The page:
He is a 16.2 hand high, chestnut warm blood gelding. He was born in Idaho in 1999 out of a TB/ Hanoverian mare by a Dutch stallion.
I first met Banner in late summer 2005 in Kuna Idaho. The round pen he was in at the time looked like it may not hold him. He was spooking and cavorting
around because some kids were playing up above him. I studied him as he tore around the pen. He had power. He had short canon bones, a lovely kind eye, solid healthy feet, low hocks and balance. I could draw a square around him and he stood over the earth comfortably. Best of all, he had presence.
I was told that he was a sale prospect but that he needed more training before they would let him go.
Banner's trainer, Gary was an advocate for us both. I sealed the deal and brought him home in Sept of 2005.
Following the advice of a knowledgeable friend, we spent that fall on the trails. The Aspen tres were turning gold and the footing was good. Banner was willing to go out alone as a green 6 year old. He was always watchful and very aware of where his feet were.
That winter I boarded him at an indoor and we worked on mostly dressage. I rode him too low but we muddled though. He is an extra ordinary mover. I was told by one clinician that his dressage scores could be in the 80%. The next spring, he went lame. It was in his foot so we couldn't get a very accurate diagnosis without an MRI. I laid him off for about 3 months. We suspect a ligament inside his hoof was strained. I bought sand for his pen so he would have a soft home.
He came sound and we went eventing. We entered camp in Chase BC and various low level events. He had scope, power and jump. I moved up to Training level skipping Novice level. I wasn't helping Banner much then. My hands were too high and busy. I 'rode the spot' and we left the ground too long too many times.
In the next few years we kept eventing at Training. We had stops. Our record shows win or stop.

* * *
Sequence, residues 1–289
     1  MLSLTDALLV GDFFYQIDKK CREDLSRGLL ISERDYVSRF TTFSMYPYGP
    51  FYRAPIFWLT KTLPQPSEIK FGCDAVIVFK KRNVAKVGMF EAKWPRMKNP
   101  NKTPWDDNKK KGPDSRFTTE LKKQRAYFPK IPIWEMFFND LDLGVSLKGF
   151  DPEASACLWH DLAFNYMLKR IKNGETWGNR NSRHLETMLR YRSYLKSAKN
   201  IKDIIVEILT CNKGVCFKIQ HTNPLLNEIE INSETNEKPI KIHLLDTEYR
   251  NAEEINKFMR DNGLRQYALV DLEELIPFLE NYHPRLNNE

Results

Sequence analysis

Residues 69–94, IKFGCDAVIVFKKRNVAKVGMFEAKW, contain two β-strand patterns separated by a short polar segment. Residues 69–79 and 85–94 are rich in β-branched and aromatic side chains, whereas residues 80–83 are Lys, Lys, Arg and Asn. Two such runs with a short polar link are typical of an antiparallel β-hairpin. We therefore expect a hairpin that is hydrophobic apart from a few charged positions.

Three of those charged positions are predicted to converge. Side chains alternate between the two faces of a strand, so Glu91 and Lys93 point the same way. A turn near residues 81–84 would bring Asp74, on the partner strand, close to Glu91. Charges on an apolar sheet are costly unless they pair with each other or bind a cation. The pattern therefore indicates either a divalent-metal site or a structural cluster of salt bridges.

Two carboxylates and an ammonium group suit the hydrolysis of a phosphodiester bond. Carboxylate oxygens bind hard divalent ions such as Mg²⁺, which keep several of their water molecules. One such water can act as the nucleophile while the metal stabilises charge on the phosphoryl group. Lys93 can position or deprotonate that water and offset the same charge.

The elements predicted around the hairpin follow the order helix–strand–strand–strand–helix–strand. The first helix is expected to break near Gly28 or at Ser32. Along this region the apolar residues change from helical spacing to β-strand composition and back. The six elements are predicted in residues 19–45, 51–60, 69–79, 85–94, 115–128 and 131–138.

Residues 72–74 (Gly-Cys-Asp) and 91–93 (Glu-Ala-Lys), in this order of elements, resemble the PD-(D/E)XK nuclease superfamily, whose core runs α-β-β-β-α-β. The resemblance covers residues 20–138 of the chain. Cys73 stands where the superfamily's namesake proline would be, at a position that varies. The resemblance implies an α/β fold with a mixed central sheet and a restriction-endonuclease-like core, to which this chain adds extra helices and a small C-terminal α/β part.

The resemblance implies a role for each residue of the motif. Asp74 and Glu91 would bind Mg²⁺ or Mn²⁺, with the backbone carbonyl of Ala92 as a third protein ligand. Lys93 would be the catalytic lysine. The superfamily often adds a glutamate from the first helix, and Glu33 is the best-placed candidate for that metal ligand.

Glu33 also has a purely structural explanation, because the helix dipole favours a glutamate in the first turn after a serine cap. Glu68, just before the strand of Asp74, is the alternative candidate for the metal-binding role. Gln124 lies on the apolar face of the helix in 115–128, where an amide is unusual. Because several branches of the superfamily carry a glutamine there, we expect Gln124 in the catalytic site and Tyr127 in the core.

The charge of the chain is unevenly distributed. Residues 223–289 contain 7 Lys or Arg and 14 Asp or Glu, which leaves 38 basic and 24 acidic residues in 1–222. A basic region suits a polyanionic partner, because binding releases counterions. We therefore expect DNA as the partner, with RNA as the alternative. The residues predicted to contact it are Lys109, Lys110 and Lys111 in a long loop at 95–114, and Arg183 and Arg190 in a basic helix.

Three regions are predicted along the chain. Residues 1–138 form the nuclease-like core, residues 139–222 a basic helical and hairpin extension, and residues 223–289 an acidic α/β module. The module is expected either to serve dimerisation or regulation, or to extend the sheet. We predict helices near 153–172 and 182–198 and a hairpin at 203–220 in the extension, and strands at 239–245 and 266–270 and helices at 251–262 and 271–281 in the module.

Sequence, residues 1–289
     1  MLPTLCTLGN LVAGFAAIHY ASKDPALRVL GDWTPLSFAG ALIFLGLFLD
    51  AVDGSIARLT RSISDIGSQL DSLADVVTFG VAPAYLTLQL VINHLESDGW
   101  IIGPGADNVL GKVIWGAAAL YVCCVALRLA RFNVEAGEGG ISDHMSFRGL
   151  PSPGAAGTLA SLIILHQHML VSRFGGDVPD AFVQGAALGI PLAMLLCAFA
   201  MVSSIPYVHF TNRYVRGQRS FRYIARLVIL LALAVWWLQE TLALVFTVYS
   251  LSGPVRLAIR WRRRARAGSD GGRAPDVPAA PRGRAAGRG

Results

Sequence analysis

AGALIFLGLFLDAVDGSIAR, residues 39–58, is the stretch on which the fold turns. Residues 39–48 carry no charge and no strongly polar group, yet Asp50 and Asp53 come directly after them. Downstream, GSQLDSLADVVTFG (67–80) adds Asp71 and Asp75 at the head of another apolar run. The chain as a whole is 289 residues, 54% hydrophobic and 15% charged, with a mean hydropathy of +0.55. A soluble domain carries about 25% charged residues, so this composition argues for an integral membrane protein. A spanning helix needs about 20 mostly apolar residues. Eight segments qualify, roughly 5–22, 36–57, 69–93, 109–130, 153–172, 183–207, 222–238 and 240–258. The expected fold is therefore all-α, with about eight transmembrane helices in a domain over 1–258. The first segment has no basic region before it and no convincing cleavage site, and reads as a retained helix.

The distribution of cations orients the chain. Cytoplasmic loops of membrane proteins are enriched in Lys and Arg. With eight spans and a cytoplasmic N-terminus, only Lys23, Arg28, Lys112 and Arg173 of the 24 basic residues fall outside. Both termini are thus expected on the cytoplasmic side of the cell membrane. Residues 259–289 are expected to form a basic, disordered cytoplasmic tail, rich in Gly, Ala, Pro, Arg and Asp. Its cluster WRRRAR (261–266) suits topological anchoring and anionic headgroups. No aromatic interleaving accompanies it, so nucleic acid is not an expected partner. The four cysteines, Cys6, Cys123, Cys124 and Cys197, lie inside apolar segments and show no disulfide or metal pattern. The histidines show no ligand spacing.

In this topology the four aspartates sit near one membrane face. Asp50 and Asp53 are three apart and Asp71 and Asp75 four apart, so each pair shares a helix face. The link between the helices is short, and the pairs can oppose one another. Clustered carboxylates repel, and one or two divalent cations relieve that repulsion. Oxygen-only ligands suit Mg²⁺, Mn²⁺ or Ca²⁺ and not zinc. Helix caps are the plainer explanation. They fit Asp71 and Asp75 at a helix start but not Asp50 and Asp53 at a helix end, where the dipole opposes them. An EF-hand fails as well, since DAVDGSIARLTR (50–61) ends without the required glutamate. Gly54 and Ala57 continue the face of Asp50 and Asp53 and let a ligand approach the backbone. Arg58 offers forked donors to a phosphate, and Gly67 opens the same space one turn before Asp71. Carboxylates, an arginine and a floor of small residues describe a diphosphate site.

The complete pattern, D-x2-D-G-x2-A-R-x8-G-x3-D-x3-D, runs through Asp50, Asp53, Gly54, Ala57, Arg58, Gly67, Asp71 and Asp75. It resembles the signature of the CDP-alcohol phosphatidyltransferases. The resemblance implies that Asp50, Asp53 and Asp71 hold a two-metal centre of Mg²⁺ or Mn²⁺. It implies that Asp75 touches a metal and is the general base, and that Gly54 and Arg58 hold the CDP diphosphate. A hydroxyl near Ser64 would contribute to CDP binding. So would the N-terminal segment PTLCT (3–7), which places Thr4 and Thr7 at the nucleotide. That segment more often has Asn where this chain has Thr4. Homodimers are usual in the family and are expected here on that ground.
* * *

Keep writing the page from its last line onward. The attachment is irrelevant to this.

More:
One winter in January, he ran away with me for a mile on an icy patched road. His head flew up, and he started running for home with more power than I have ever felt. I pulled, he wasn't home. It was like pulling on a stone wall. I got up in galloping position and set my hands down to ride it out. Falling off on to the frozen road at that speed was not an option. We made it around 2 turns and I feared the next one was too icy. He had borium on his shoes but could still slip easily. Then three broad women appeared in the road. They were out for a winter stroll. Banner viewed their broad image and re balanced the same way he does at a big jump today. Then I was able to stop him. Whew, my knees were shaking when I got off!
Those woman were angels. I have never seen them in our neighborhood since that winter day.
I called Gary. I said, "Gary do I cull a runaway?" he said "No!"
So with great fear and trepidation I kept on with the big, red Banner. I added the martingale as necessary equipment.
There were clinics and more Training level experience. I earned my Level 2 ICP Certification and became more educated and disciplined.
Through my connection with ICP I learned that Boyd Martin was coming to the July Rebecca Farm Event looking for catch rides. I had seen him ride cross country on Neville Bardos, in the mud at Fair Hill and win handily. His position and hands and the way his body stayed still before and over the jump made a huge impression on me. He rode Banner in his 1st Prelim at Rebecca and as he says "destroyed the field" and won. It is really fun watching a great rider on your horse.
I left Idaho that winter with Banner and was lucky enough to get a paying job at Lone Tree Farm near Modesto, California in 2010.
To be continued.....